Wednesday, May 26, 2004
All were alienated Jews and all died young: Eric Michaels of AIDS, Gillian Rose, cancer, and Maryse Holder, murder. They left behind the kind of writing that makes you shiver.
"Little circlets of morbidity," Michaels called his lesions. All day, as he died, "I drift in and out of sleep; there's really nothing else to do. As a result, I dream excessively, and the membrane between sleep and wakefulness is very porous, nearly translucent. Most dreams appear wholly trivial, as if I've used up the store of significata and only have random images now to assemble erratically."
"How unutterably sad," wrote Holder; "to be born only in order to decay and depart forever from places one has mastered, that have belonged to one, or even from a life one hasn't yet had a chance to deserve inheriting because of laziness and fear."
"I find it impossible not to see that apartment," wrote Rose, remembering the New York flat of a friend whose life had collapsed, "which is branded into my mind, as the emblem of the postmodern city. With its garish half-light provided day and night by a green and yellow Tiffany lamp, it was the veritable philosopher's cave. Crammed with the phantasmagoria of Western culture, everything, by the time we got to it, was in a more or less advanced state of decreation. The most mighty art books, multivolume sets of the major philosophers in the original languages, Greek, German, and French, a unique music collection comprising thousands of records, tapes, and CDs, hundreds of American paperbacks of literature and philosophy - all were scored with dirt, infested with cockroaches, stale with dust and debris."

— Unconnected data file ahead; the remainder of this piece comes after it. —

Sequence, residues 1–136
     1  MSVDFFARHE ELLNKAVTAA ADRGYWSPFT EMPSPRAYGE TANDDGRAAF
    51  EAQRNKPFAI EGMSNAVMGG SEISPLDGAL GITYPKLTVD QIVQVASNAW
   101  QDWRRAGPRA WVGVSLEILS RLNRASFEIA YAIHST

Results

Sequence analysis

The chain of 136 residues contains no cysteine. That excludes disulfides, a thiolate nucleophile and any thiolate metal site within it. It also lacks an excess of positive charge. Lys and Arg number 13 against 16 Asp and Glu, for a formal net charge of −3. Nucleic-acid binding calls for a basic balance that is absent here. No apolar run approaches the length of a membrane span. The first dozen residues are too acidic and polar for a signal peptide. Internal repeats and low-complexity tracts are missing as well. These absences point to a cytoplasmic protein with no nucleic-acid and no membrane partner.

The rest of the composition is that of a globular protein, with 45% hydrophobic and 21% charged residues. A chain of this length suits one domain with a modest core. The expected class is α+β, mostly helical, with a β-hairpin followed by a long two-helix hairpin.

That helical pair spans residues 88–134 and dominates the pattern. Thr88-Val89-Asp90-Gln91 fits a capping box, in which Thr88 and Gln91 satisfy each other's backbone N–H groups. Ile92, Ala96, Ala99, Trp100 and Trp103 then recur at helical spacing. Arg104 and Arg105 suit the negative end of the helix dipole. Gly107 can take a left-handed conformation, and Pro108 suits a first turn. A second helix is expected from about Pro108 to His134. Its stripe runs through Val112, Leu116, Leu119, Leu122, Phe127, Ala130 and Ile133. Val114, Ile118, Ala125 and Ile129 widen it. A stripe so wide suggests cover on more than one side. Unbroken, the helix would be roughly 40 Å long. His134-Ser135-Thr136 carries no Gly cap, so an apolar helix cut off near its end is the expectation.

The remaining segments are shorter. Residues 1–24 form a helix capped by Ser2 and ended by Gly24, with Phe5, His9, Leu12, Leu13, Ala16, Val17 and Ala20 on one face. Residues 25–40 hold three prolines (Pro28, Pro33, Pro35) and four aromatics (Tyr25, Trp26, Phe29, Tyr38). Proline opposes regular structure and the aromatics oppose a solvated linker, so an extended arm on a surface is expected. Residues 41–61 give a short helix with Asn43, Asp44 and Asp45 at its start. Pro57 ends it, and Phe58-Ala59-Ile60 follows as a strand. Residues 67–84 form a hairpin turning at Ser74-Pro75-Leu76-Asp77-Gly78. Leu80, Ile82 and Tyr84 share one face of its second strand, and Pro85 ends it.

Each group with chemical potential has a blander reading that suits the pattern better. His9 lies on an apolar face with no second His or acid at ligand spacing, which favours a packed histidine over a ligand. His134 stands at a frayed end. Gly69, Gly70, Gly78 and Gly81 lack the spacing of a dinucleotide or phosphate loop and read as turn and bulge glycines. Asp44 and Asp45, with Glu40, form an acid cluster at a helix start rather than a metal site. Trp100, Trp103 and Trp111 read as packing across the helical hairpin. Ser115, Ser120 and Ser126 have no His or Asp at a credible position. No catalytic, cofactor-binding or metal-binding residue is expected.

Unknown to one another, these three seem to me compatriots, a visionary cohort compelled into their best writing by their dissolution. Professors of anthropology, philosophy, and comparative literature, Michaels, Rose, and Holder realized as they declined certain surviving truths. For instance, "However satisfying writing is," Rose wrote, " - that mix of discipline and miracle, which leaves you in control, even when what appears on the page has emerged from regions beyond your control - it is a very poor substitute indeed for the joy and the agony of loving."